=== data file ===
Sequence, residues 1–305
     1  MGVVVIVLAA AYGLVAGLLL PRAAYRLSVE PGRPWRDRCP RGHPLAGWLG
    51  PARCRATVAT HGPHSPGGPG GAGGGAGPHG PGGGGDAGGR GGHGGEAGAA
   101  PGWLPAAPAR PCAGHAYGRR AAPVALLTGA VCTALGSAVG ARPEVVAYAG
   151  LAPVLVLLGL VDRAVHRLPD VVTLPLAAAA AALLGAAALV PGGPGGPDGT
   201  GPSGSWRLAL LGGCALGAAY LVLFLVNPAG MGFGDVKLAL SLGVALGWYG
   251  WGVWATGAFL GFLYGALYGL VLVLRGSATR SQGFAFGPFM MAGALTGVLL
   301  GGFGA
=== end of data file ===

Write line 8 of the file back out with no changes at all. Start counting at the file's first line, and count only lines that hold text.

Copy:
   301  GGFGA